Tiffany robin’s-egg blue, Barbie pink, and Cadbury violet have become so iconic that they’ve been registered as trademarks. Through these colors, the brands set themselves apart from competitors, attract customers, and send a clear message to their audience.
How do colors affect the way your company is perceived? What emotions and moods do different hues represent? How to choose the right color palette that will speak for your brand? Let’s find out together!
- How color psychology works
- Why colors matter to brands
- How brands use colors to talk to their audience
- How to choose the best colors for your brand
- Wrapping up
How color psychology works
Look around. What colors do you see? Whether it’s a red cup, blue book or green tree, each of these shades evokes certain feelings and emotions. That’s what color psychology is all about! It studies the subjective meaning that people attach to colors.
According to color psychologists, the way we perceive colors is affected by three factors.
- Biology. Some color associations are genetically predetermined. For example, most people view red (color of fire) as passionate and energetic, while green (color of trees and plants) reminds them of nature.
- Sociocultural context. Your country of living, gender, and age also affect the way you read colors. For example, in oriental cultures, red conveys well-being, while western countries associate it with sex appeal, aggression, and energy. Light blue is a popular hue in the US, while in Asia it’s avoided due to its negative connotation.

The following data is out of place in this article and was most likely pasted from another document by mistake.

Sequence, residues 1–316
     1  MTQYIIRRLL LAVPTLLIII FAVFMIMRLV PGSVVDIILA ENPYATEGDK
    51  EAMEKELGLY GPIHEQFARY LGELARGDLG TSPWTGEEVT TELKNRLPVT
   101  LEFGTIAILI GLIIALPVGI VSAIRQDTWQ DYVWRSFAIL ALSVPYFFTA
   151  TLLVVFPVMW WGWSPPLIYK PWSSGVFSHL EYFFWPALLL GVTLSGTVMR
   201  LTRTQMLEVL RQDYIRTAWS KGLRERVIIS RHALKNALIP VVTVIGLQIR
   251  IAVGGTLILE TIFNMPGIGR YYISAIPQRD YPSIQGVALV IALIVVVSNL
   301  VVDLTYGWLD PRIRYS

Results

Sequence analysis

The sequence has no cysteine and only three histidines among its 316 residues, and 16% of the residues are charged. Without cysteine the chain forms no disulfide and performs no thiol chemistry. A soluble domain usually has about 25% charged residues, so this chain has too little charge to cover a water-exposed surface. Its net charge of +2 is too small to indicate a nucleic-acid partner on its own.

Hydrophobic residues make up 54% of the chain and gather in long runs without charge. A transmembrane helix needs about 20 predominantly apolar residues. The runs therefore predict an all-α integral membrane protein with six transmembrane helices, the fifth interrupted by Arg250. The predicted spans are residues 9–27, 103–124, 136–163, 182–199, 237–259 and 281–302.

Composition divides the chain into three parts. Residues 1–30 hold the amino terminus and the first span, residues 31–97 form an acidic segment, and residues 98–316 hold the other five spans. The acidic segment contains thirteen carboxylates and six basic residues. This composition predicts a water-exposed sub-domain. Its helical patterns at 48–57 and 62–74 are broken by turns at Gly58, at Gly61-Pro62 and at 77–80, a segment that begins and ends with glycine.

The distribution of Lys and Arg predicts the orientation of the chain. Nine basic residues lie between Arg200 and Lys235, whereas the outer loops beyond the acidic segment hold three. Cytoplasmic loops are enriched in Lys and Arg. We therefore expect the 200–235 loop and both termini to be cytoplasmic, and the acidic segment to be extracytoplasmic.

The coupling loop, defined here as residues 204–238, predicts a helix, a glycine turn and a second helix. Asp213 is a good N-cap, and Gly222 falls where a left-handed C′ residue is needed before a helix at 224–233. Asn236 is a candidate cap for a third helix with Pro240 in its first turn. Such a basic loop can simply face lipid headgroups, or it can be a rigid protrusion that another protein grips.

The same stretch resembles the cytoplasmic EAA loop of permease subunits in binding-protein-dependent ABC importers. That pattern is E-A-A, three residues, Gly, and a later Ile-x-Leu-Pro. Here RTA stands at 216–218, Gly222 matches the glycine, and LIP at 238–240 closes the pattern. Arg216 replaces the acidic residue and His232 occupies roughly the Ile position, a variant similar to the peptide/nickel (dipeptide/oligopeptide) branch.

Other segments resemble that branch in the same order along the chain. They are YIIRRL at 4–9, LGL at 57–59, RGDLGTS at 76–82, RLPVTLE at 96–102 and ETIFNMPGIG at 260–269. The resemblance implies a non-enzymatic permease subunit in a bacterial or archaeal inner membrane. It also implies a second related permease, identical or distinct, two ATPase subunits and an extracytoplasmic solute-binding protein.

- Personal experience. Your lifestyle, as well as events and emotions that you’ve experienced can dramatically change your perception of certain colors. For example, a person who has suffered a water accident may start to feel repulsed by the color blue.
Why colors matter to brands
Numerous studies show that colors manage customers’ emotions, shape their opinion of the company, and influence their buying decisions.
- Recognition. Colors have the power to increase brand recognition by a staggering 80%. Indeed, we can no longer imagine McDonald’s without its golden arches or Starbucks without its mysterious green siren. It’s vital that your brand color is present across all touch points with your audience, from business cards to office design.
- Uniqueness. Research shows that people tend to best recognize and remember visual elements that stand out among the rest. So if you want your brand to make a lasting impression, consider using hues that are missing from your competitors’ color palettes.
- Sales boost. Colors impact 85% of purchase decisions. When composing a color scheme for your brand, view it as an effective tool for improving your sales performance!
How brands use colors to talk to their audience
Let’s take several popular colors and explore how major businesses leverage their meanings to build a compelling brand identity. We’re by no means giving you a guide set in stone. After all, there’s no one-fits-all formula that suits all businesses. Your choice and use of colors must be determined by your company’s personality, target audience, and other factors known to you only.
Purity, fragility, tenderness, nobility
In branding, white stands at the core of minimalist aesthetics. To make white visible and expressive, you need to mix it with other hues.